Gallagher wasn't originally scheduled to pitch Friday, and his first time on the mound in a big league atmosphere was a rollercoaster of emotions.

"I didn't know I was going to throw until about 15 minutes before I started warming up. I was scheduled to go (Saturday)," Gallagher said. "I was warming up and felt great. All of my pitches were working and I said I wasn't nervous, that I felt fine. Then when you get on that mound, all of the nervousness hits you at once."

Gallagher seemed to handle the nervousness well. He threw two scoreless innings in his Cactus League debut, surrendering two hits.

"Everyone kept telling me for a long time that I was going to be nervous, but I always said that baseball is baseball," Gallagher said. "It's the same 60 feet to home plate. But once you step on the mound, it's a totally different experience. It's one of those things you have to experience first hand."

Gallagher, ranked the Cubs' fifth best prospect by both and Baseball America entering 2007, should experience a few more situations similar to his debut Friday. He will likely begin the season in the minor leagues at either Triple-A or Double-A, but he is keeping an open mind to the possibility of winning a spot on the major league roster.

"My goal right now is to come out and just perform to the best of my abilities. I'm a long shot to make the big league team, but so was Sean Marshall last year," Gallagher said.

"You never really know what's going to happen, but my goal right now is just to leave a very good impression on those around me. I want to let it be known that if I don't make the team and I go to Double-A or Triple-A, and something happens during the year – guys get hurt or moved down and they have to call someone up – hopefully my name will be one of the first brought up and they'll remember what I did here," he said.

For his part, Wells pitched one inning on Thursday, allowing one hit – a home run to Giants infielder Tomas De La Rosa.

"I tried to throw strikes and for the most part I did that well," Wells said. "I made one mistake and I paid for it, but I came right back and got the next guy out. Overall, it was a quality outing."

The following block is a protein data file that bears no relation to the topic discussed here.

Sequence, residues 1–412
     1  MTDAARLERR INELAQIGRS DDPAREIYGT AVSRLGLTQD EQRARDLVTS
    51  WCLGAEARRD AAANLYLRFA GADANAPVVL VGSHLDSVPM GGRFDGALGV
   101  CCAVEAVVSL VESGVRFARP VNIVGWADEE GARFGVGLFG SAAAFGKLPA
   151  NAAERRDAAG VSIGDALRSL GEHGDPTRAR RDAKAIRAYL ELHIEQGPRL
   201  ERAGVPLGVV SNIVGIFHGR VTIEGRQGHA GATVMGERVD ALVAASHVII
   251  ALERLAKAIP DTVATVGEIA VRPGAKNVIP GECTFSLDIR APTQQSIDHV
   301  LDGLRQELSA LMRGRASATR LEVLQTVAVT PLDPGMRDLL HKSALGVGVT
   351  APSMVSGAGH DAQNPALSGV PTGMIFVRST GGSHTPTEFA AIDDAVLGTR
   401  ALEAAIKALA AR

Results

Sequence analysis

Wells is currently serving his second tour of duty with the Cubs in big league camp. He was invited to camp a year ago and went on to pitch at Double-A West Tennessee, where he was named a Southern League All-Star before finishing the year at Triple-A Iowa.

Both Gallagher and Wells spoke Friday on the difference between minor league spring training and major league camp.

"Out here, it's more individualized and more one-on-one work," Gallagher said of major league camp. "In minor league camp, there's more work as a group. Now they sort of take you one-on-one and you go through it like that.

"It's worked out great so far," he said.

Wells said, "It's a really fundamental camp. If you're not doing things right, you do it over until you do. Hopefully it carries over into the game."

And just what is it like for a young guy in camp playing for someone with the reputation Piniella has?

"Laid back. Fun. Awesome. Totally amazing experience," Gallagher said. "Lou is an amazing guy. You read all of these reports that he's well-documented and a little out there. Even on the first day of camp, he was very laid back and a good guy to talk to. He doesn't B.S. and goes right to the issue."

The Cubs will travel to Phoenix Saturday for their first road game on the spring schedule. They'll face the Oakland Athletics beginning at 2:05 p.m. CST. No broadcast coverage of the game will be provided. Sunday, the Cubs are back in Mesa to face the Chicago White Sox, also at 2:05. The game can be seen on WGN with radio coverage provided by the Cubs Radio Network.